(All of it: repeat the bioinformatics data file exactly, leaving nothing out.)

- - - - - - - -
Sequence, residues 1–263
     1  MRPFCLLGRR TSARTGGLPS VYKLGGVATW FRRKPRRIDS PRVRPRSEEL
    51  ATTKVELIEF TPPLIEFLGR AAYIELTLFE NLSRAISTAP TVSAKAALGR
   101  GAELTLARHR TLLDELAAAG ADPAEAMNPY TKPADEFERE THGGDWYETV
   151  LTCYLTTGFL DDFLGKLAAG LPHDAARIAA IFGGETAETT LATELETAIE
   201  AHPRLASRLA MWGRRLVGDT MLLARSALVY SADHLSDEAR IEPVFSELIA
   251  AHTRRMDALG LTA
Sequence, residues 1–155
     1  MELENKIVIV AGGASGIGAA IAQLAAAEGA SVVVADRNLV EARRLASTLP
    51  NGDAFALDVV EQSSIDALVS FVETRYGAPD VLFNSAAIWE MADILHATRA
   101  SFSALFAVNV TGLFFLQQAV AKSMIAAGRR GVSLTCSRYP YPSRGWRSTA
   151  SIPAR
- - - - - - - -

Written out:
Sequence, residues 1–263
     1  MRPFCLLGRR TSARTGGLPS VYKLGGVATW FRRKPRRIDS PRVRPRSEEL
    51  ATTKVELIEF TPPLIEFLGR AAYIELTLFE NLSRAISTAP TVSAKAALGR
   101  GAELTLARHR TLLDELAAAG ADPAEAMNPY TKPADEFERE THGGDWYETV
   151  LTCYLTTGFL DDFLGKLAAG LPHDAARIAA IFGGETAETT LATELETAIE
   201  AHPRLASRLA MWGRRLVGDT MLLARSALVY SADHLSDEAR IEPVFSELIA
   251  AHTRRMDALG LTA
Sequence, residues 1–155
     1  MELENKIVIV AGGASGIGAA IAQLAAAEGA SVVVADRNLV EARRLASTLP
    51  NGDAFALDVV EQSSIDALVS FVETRYGAPD VLFNSAAIWE MADILHATRA
   101  SFSALFAVNV TGLFFLQQAV AKSMIAAGRR GVSLTCSRYP YPSRGWRSTA
   151  SIPAR